Francis Berger Trudeau. From an historical marker in front of 105 Main Street.
Born: January 2, 1887
Died: July 19, 1956
Dr. Francis Berger Trudeau was the fourth and last child of Dr. and Mrs. E. L. Trudeau, and the only one to live to survive them. He became a doctor, practiced in Saranac Lake and succeeded to many of his father's responsibilities. He practiced medicine in E. L. Trudeau's home and office at the corner of Church and Main Streets, where his son Francis B. Trudeau later joined him.
Trudeau was born in Saranac Lake, New York, on January 2, 1887. He graduated from Yale College in 1909, and then studied medicine at Johns Hopkins University, receiving his medical degree in 1913. He interned at Bellevue Hospital in New York before joining his father's medical practice in Saranac Lake, shortly before his father's death.
In 1914 he married Helen Garretson; they had two sons: Edward, who managed a radio station in Albany; and Francis Jr., a physician in Saranac Lake.
Not surprisingly, Francis Trudeau's medical interests centered on tuberculosis. He wrote a number of papers on the subject, and served as a director of the National Tuberculosis Association. For nearly forty years he was a trustee of the Trudeau Foundation, of which he became president. After a long term as president of the Trudeau Sanatorium medical board, he was elected president of the institution in 1944.
He served as a Captain in the Medical Corps of the U. S. Army during the First World War. In 1947, he received from King George of England His Majesty's Medal for Services in the Cause of Freedom, for caring for members of the British fighting forces in America. He was elected president of both the Saranac Lake and the Franklin County Medical Societies.
He was also a sportsman and conservationist, and was a member and one-time president of the Saranac Lake Fish and Game Club.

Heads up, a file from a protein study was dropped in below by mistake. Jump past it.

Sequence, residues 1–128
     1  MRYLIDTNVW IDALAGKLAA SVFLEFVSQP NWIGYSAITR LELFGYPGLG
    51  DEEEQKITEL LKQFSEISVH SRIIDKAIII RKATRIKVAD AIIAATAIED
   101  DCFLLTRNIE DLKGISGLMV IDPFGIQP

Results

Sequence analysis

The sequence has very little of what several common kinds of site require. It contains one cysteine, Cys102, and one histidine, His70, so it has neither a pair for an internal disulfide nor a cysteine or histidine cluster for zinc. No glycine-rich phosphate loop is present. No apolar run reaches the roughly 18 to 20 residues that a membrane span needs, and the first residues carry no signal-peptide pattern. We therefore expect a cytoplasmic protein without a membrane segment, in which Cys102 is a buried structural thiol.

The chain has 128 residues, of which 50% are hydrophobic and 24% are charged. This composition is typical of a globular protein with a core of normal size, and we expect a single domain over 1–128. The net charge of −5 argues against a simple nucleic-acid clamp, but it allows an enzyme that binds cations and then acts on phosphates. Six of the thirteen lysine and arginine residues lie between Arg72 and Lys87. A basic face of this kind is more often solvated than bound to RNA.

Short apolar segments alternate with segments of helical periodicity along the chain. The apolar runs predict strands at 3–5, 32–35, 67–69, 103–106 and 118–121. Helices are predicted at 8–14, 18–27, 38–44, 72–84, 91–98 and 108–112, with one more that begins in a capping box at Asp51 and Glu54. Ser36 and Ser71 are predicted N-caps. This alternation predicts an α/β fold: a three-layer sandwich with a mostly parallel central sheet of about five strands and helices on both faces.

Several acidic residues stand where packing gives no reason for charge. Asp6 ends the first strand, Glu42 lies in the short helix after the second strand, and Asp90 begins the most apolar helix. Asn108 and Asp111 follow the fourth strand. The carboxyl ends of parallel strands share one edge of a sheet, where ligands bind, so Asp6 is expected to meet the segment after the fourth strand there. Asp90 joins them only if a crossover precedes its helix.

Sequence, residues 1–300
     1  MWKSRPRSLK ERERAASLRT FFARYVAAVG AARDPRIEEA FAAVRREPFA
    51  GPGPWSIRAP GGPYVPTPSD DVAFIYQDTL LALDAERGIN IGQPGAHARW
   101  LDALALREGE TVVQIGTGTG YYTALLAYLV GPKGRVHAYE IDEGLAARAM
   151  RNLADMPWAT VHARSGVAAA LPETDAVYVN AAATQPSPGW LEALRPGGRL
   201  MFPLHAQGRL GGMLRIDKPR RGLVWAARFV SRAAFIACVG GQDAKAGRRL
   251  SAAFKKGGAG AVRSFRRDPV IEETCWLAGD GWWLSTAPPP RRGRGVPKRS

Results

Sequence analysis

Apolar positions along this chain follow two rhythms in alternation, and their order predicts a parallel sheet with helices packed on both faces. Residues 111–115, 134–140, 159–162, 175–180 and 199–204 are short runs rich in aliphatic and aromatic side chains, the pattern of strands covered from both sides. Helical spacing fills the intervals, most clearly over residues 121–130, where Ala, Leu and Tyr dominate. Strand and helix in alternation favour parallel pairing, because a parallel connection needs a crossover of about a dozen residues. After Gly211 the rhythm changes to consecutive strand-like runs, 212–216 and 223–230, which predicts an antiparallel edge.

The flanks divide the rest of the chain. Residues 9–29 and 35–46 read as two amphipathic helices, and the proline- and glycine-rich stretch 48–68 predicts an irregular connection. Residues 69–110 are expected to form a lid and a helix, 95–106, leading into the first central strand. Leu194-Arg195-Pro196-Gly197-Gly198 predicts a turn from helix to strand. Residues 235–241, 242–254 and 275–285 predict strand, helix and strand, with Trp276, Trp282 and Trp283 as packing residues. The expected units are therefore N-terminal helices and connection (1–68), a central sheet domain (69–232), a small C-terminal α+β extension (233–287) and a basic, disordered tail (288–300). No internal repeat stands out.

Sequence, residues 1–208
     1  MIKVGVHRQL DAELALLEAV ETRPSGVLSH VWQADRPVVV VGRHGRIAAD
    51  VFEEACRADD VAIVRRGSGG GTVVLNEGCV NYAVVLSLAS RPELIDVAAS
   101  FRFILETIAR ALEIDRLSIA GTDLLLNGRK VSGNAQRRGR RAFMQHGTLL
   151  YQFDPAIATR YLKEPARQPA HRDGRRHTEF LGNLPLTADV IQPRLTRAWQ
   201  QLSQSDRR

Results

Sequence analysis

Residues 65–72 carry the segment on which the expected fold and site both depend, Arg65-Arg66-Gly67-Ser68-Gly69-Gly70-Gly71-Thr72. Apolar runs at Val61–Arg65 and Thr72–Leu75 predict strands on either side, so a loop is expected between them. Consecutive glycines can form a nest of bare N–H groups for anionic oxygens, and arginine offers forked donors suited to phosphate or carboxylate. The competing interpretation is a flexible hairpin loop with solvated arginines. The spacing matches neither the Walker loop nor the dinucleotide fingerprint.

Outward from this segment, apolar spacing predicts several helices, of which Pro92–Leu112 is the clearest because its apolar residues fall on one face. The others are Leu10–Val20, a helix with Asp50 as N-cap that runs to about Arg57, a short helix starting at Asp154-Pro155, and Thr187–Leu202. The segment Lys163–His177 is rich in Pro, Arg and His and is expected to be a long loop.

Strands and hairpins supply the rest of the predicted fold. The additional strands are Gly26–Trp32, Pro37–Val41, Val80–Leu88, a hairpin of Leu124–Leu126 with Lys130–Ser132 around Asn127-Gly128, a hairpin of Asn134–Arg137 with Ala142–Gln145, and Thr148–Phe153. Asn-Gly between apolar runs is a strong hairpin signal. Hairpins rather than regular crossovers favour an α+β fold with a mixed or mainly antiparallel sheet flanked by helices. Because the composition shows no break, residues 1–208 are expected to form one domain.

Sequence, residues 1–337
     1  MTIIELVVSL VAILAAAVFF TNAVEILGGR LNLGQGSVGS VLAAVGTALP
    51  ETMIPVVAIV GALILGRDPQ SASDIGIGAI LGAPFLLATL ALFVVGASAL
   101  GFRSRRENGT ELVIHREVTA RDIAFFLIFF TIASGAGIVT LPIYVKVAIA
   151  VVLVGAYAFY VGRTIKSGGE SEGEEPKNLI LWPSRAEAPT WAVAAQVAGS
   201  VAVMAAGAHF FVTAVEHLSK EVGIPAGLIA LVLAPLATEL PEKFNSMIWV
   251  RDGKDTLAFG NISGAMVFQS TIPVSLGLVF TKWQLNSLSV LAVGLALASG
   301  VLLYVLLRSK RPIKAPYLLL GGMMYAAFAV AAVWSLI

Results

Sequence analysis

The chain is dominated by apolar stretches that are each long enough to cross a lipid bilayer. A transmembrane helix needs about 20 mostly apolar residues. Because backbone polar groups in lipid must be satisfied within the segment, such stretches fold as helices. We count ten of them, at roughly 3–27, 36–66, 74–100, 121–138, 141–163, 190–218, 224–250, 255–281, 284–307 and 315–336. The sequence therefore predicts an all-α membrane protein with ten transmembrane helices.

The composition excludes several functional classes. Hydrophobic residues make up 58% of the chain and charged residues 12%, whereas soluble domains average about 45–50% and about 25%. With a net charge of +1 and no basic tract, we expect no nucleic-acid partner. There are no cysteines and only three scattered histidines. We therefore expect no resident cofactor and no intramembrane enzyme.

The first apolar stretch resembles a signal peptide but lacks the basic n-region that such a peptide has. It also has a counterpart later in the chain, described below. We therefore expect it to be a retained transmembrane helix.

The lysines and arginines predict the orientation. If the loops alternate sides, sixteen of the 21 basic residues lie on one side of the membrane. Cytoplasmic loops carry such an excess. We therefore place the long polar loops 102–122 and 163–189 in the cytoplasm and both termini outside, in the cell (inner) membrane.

He was a member of the Climatological Association for thirty-six years, and served as Recorder from 1930 to 1946.
In 1950, Trudeau had a heart attack. He recovered, but persistent angina made him less active. The need to close the Sanatorium in 1954 due to a dramatic decrease in the number of patients was hard on Trudeau, signaling as it did the end of an institution that he and his father had spent their lives serving.
On July 19, 1956, Francis Berger Trudeau was boating on Upper St. Regis Lake with his wife and daughter-in-law and a friend, when he died suddenly, without warning. He is buried in the St. John's in the Wilderness Episcopal Church cemetery that his father founded.
“The three phases of TB treatment,” from the Dr. Francis Berger Trudeau’s Preface to his patient Isabel Smith’s memoir, Wish I Might, February 12, 1955:
Having been under treatment for over a quarter of a century, she has had personal experience with the three phases of tuberculosis therapy which have been developed during this period.
In the beginning the only known treatment consisted of simple bed rest, good food and fresh air. Later, additional means were devised to give the lung extra rest by collapsing it artificially, either by filling the pleural space which surrounds the lung with air (artificial pneumothorax) or by putting the lung at rest permanently through various surgical methods.
One of the first of the surgical procedures, which is still frequently used today, consists of the removal of sections of several ribs (thoracoplasty), thus allowing the chest wall to fall in over this area, diminishing or preventing lung motion beneath it.
The most recent development in the treatment of tuberculosis has been the discovery of the new “wonder drugs” especially streptomycin and isoniazid, used in conjunction with paraminosalicylic acid, the synthetic drug familiarly known as PAS. These have been in use, with or without various types of chest surgery, for approximately ten years.